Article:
Conor McGregor and the problem of promotion

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Craig Smith
Sports Reporter

A great athlete there is no doubt, but why are we not holding McGregor accountable for his behaviour?

Conor McGregor’s reappearance in the octagon after a fourteen month absence against Donald Cerrone brought about an intense interest, the like of which had not been seen in the Ultimate Fighting Championship since his last fight against Khabib Nurmagomedov in October 2018. The column inches prior to the fight were filled with remarks questioning whether McGregor could rediscover the timing of his potent left hand and how he would counteract Cerrone’s submission game. Talk about whether it was acceptable for UFC to be promoting McGregor, the sport’s biggest name, was far more limited. UFC chose to focus on how this was McGregor’s redemption, a narrative lacking in sincerity given McGregor’s unwillingness to talk about his legal issues out with one interview with ESPN.

The evidence for the Irishman being a distasteful character is plentiful without considering the New York Times story on him. This is a man who has let his trash talking – often praised as one of McGregor’s skills – descend into racism, sexism, and homophobia on more than one occasion with examples ranging from a tweet comparing a picture Nurmagomedov’s wife with an Islamic veil to a towel, to referring to fellow UFC fighter Andre Fili as a “f****t”. His transgressions also go beyond his words, he lived up to his “notorious” moniker when deploying his fists against an innocent man in a Dublin pub. Hanging about with the Murray brothers, both convicted drug dealers with extensive criminal records, is no barrier to UFC promoting McGregor. Nor is the hurling of a dolly at a bus, which led to injuries that jeopardised the prospects of guiltless UFC fighters with Michael Chiesa and Ray Borg unable to participate at UFC 223 due to McGregor’s actions (McGregor’s lack of remorse was also demonstrated here with Chiesa claiming he never received an apology from McGregor). The last of these incidents was even deemed as a marketing opportunity by the UFC as they used video of it in the marketing for McGregor’s fight with Nurmagomedov at UFC 229, damning evidence that the UFC prioritises money and marketability over morals. All of this paints an awful picture but yet he still draws in the Pay-Per-View buys, it seems little matters aside from this.

There is a rapacious hunger amongst the UFC hierarchy, namely President Dana White, to get Mixed Martial Arts into the mainstream and rival boxing as the combat sport with fights which transcend the sport. This is the sport’s dilemma; they lack in stars who have the ability to gain the attention of fans who would not ordinarily watch the UFC but their pre-eminent fighter, McGregor is a man whose violence does not know the bounds of the octagon, a man who has no qualms over using discriminatory language in order to sell a fight and a man whose associates have contributed to an illicit trade that has brought great trauma to Ireland. Dana White views this quandary as easily resolvable: forget the morals and chase the money. If the fans keep purchasing McGregor’s fights then the UFC has no issue in promoting him.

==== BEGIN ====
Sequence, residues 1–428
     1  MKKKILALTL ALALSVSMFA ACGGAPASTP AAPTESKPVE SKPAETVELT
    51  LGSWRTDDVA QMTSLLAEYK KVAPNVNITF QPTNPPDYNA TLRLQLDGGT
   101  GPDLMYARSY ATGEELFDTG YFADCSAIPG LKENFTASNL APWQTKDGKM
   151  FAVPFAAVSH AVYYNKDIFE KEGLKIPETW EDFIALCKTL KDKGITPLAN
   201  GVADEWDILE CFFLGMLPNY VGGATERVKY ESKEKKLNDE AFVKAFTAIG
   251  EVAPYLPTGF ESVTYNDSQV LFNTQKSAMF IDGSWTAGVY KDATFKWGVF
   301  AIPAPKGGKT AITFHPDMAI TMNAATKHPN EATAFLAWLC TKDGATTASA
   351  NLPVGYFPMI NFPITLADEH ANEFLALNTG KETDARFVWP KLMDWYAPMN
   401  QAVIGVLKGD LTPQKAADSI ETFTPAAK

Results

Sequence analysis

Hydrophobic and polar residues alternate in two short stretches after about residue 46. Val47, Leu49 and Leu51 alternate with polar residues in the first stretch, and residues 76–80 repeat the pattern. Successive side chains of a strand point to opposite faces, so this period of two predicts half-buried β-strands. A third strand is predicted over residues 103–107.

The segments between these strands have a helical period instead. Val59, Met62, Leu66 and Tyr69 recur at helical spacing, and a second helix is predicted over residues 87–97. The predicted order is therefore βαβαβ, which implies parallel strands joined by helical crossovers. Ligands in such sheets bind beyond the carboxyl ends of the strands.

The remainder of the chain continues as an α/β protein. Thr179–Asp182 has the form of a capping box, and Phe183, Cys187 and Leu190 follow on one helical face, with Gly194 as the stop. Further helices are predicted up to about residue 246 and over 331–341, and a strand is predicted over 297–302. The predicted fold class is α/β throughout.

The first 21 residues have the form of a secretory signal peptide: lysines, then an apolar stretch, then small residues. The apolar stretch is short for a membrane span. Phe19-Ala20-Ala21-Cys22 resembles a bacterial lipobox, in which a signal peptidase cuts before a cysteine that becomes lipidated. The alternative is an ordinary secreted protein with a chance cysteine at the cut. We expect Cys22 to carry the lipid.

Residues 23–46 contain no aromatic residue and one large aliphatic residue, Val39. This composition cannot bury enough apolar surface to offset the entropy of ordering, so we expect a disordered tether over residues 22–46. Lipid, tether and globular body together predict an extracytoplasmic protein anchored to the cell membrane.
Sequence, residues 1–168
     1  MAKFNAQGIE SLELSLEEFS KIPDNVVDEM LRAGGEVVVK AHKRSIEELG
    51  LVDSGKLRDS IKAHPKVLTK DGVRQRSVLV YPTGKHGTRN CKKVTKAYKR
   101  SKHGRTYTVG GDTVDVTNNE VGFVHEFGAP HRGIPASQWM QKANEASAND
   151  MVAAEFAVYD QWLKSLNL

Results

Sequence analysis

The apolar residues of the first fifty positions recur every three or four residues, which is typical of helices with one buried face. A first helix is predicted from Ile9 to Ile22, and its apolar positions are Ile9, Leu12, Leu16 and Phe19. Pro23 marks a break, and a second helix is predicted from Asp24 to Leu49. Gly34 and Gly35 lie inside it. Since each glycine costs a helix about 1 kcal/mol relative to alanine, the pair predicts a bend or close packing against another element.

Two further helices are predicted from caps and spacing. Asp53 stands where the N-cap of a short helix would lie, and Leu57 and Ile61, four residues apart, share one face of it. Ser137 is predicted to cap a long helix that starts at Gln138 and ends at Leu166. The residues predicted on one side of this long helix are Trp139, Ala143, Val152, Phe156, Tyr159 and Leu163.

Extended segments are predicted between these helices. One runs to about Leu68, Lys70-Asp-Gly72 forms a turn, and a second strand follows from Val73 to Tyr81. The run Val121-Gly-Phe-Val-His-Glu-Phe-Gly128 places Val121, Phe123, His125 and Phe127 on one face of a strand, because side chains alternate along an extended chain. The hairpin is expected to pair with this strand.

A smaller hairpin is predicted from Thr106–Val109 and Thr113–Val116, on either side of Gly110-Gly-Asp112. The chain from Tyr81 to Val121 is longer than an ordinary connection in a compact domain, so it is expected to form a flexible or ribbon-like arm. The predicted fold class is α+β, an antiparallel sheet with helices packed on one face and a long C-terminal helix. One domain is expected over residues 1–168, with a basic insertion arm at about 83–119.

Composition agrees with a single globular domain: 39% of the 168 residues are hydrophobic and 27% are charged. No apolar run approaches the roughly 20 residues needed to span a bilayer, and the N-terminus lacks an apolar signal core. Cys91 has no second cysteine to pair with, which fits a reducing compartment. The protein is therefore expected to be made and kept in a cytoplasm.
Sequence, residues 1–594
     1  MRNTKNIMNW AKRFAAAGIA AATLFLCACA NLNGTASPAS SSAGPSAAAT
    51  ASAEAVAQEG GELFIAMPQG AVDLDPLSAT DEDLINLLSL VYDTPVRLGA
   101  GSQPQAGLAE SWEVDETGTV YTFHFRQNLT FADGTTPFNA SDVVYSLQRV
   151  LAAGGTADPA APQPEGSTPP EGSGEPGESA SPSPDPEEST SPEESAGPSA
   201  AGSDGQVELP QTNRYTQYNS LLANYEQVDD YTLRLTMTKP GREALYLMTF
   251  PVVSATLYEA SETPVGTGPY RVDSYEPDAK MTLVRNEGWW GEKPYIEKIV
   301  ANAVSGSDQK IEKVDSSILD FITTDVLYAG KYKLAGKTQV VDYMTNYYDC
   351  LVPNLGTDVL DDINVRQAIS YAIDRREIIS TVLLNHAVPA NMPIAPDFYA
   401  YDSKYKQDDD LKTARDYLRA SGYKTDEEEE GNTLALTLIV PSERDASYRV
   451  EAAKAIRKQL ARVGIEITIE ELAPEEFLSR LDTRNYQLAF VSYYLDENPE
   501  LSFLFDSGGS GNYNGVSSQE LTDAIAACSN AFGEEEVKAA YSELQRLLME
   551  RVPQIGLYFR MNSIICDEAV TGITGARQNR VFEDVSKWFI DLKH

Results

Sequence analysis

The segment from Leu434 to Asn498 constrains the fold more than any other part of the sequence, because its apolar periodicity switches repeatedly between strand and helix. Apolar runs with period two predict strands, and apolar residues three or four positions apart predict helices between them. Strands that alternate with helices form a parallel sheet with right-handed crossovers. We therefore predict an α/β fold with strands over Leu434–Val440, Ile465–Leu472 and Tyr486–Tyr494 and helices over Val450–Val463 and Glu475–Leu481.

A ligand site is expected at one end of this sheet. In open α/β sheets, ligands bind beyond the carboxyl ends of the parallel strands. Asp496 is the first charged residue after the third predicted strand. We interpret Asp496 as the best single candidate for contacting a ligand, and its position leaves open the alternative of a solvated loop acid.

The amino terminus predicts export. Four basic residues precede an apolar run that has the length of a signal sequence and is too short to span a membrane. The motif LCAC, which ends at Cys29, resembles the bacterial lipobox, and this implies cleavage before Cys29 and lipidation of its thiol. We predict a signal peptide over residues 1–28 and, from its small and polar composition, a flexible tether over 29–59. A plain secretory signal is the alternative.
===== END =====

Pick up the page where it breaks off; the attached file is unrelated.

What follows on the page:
Perhaps it is time we, the public, stop elevating sportsmen like McGregor on a pedestal, quickly forgetting their misdeeds outside the octagon. Sporting greatness, and McGregor is a MMA great considering he was the first athlete to hold UFC belts in two weight divisions simultaneously, should not deem illegal violence, homophobia and racism acceptable. People who misbehave deserve censure irrespective of their talents. The film industry has been willing to “cancel” people in recent years, people have not been nominated for Academy Awards if their alleged actions mean they are undeserving; maybe the time is nigh to be more willing to “cancel” sportspeople and deprive them of the limelight too.

Change can be engineered if people stop purchasing Pay-Per-Views and stop engaging with the product that UFC offers. If McGregor is to become persona non grata then it will be through the actions of the sporting public. The onus is now on them to stop the UFC fostering McGregor’s redemption narrative despite little contrition on the Dubliner’s part. If some MMA fans feel unable to take this step then they might take inspiration from an idea that emerged at the time of the 2015 boxing contest between Floyd Mayweather – a convicted domestic abuser – and Manny Pacquiao. The idea was for people to donate money to a charity equalling what they were paying for the fight. This could help absolve the consciences of those uncomfortable with helping fund an undesirable sportsman as those charitable donations could have a genuine impact. People can boycott, people can donate to charity, but one thing is for sure, something will need to be done if McGregor is to be removed from his position as UFC’s most feted fighter.